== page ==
There's some wiggle room. Say they did a short term correction that mitigates the worst of the issue, and there's an ongoing action to fully resolve the issue, I would probably describe what's being done in the audit report without issuing a new nonconformance (depending on the risk and impact of the original nonconformance).

However, if this is the situation:

1. Previous audit finds a nonconformance.
2. Nothing was done / the actions taken were not effective / there is no evidence that anything was done to correct the issue.
3. You have objective evidence that the original issue cited in the nonconformance is still present.

...then I would unambiguously and strenuously state that is a nonconformance.
Ok,thanks for your reply.
But doesn't ISO asks us to treat with cause analysis? What if they show they did something about the findings bit without changing any procedure or using root cause analysis tools?
 

Zero_yield

"You can observe a lot by just watching."
Ok,thanks for your reply.
But doesn't ISO asks us to treat with cause analysis? What if they show they did something about the findings bit without changing any procedure or using root cause analysis tools?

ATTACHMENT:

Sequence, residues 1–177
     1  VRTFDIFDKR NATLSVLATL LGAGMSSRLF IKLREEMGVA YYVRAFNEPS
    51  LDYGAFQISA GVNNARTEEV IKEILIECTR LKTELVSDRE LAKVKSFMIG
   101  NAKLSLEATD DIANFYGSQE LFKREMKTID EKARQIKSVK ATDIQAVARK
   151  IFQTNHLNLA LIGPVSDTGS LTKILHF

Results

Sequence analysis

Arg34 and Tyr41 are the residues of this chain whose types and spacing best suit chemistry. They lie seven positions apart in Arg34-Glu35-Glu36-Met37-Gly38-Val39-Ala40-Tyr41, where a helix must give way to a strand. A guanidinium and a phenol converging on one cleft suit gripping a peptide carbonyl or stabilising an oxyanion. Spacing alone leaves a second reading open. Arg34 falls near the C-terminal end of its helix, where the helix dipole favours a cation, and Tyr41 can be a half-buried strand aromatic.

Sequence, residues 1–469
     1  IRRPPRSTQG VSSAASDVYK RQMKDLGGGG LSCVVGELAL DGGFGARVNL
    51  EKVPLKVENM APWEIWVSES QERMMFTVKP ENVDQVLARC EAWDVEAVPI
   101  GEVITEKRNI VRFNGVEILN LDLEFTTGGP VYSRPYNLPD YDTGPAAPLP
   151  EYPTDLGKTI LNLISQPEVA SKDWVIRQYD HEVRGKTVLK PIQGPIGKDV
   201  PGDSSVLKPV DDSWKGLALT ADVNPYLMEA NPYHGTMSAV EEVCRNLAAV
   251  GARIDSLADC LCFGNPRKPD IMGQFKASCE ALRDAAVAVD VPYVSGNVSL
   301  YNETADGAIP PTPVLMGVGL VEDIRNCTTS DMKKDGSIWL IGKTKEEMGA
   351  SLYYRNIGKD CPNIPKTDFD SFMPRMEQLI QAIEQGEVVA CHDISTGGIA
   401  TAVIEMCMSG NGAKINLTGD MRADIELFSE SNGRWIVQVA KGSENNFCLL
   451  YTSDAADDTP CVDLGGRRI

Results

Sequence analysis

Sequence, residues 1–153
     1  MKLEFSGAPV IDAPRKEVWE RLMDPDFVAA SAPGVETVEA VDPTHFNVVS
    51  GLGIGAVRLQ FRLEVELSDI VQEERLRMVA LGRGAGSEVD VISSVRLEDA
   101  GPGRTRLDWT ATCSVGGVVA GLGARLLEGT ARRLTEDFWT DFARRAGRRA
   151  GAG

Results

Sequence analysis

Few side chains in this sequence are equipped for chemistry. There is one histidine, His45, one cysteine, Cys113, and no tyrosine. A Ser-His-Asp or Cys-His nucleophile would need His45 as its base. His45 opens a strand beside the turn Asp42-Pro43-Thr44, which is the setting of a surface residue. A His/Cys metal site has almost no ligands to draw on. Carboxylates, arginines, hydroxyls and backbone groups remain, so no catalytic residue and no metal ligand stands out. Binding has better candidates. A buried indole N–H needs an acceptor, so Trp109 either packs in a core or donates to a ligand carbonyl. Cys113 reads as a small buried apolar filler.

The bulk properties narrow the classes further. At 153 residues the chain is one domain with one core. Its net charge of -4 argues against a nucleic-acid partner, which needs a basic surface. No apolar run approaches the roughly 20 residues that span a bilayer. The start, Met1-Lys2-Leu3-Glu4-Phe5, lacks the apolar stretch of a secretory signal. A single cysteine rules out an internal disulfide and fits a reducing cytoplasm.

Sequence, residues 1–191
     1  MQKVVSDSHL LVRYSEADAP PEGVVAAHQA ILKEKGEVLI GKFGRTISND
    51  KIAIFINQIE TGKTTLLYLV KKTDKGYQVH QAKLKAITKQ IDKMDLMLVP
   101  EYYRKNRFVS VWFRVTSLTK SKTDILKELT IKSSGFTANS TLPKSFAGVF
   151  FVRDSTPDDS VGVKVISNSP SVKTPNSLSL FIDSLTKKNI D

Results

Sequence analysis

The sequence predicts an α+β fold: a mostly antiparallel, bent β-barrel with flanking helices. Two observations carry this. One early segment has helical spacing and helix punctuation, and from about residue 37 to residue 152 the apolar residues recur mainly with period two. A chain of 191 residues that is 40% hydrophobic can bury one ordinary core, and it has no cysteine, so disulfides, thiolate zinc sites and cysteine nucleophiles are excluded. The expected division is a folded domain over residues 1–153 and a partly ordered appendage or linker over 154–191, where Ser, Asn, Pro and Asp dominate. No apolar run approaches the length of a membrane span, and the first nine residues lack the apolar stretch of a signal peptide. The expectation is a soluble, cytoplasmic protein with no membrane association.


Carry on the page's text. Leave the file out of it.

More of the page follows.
I'm in the med device field, so take this with a grain of salt (as ISO 13485 is similar to ISO 9001 but not identical). Those expectations to determine the cause of nonconformities and document a correction are definitely in ISO 13485. If I was auditing a med device company to 13485 and they had no documentation of how they evaluated the nonconformance and the corrective actions taken, I would write it up as a nonconformance. I don't have a copy of ISO 9001 in front of me, so I'm not sure if the requirement is shared.

I wouldn't necessarily get too hung up on whether they changed a procedure or not (unless that's a specific ISO 9001 requirement); there's only so much you can fix by changing a procedure, and there's often highly effective actions to fix problems without changing a procedure. For an audit, I'd gather objective evidence on what the results of their actions were.
 

RoxaneB

Change Agent and Data Storyteller
Super Moderator
9.2.2 d and e

I realize that I'm being overly picky here, yet "9.2.2 d and e" is not a nonconformance. Those are requirements from the standard. What I'm trying to do is push you to actual frame and phrase the nonconformance you believe exists.

You say no actions were taken - is this truly the case OR is it a case that actions were not documented in a software system? Who were the recipients of these previously issued nonconformances? What do they say regarding actions? Did they even know about the software system? If they were unware of the software, that's one issue. If no evidence exists that they took action, that's a totally different issue.

What I'm trying to do, @Graciel , is push you to truly understand what the situation is so that IF there is a nonconformance, it is properly framed and actually will benefit your organization's management system.
 
Top Bottom